|Becky, snowshoe racing in Wisconsin.
Note the hat: it’s Packer spirit wear;
she’ll be cheering Greenbay during
Well, it’s here — the Snowstorm of the Century has hit Chicago. I’m not quite sure how significant that is in a century that’s only 11 years old, but we’ve definitely got accumulation, with some serious shoveling and treacherous driving conditions. My kids are thrilled to have a snow day — the first in our school district in decades.
Chicago averages about 38 inches of snow a year, but for three years running we’ve topped the 50-inch mark and it looks like we’re well on our way to a fourth. Lucky for me, I thought to bring my snowshoes home from our last visit to our farm house up in Wisconsin, where we have plenty of room to practice snowshoeing.
Recently, our family has taken up snowshoe racing on during weekends up north. Snowshoes were developed in Central Asia around 6,000 years ago, but they’re still pretty new to us. We’ve been having a lot of fun. In a race a couple of weeks ago, out of a field of 140, Jay came in first overall; Becky, Jackson and Doug also medaled. I managed to finish … without falling.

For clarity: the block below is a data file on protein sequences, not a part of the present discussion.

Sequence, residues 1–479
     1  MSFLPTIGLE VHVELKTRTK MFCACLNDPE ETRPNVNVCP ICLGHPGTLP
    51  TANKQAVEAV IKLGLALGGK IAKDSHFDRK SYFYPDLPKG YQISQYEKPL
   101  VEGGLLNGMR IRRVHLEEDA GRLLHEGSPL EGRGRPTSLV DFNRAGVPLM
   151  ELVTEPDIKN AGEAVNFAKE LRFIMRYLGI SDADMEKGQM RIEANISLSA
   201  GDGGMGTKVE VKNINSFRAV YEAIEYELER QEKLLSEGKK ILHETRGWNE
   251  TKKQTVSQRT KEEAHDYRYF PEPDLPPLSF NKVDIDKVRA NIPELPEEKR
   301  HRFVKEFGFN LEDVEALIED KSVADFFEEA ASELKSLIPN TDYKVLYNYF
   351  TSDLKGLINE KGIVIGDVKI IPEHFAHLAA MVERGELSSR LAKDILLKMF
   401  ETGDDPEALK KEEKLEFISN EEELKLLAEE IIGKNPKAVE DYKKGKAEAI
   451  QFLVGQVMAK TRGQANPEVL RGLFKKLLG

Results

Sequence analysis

Statistically, of course, the results of a single race aren’t that important, except for bragging rights around the dinner table. Four years of above average snowfall don’t really mean much statistically, either. In our industry, these results would be called anecdotes.
There are a couple of famous quotes that make the rounds about anecdotal evidence. The first is attributed to Raymond Wolfinger, professor emeritus of American Politics at the University of California, Berkeley. In response to a student’s dismissal of a simple factual statement as a “mere anecdote”, Wolfinger responded: “The plural of anecdote is data.” In the second, the quote has been bastardized and more often misrepresented as “The plural of anecdote is not data.”
But Wolfinger was right. Anecdotes are stories. Data collection is meaningless unless you understand the story it represents. As quantitative specialists, you are the interpreters of data — you tell the stories so the data make sense to your audience. That’s your job. Here at Burtch Works, we want to help you make sense of the marketplace. That’s our job. Please let us know if we can help.
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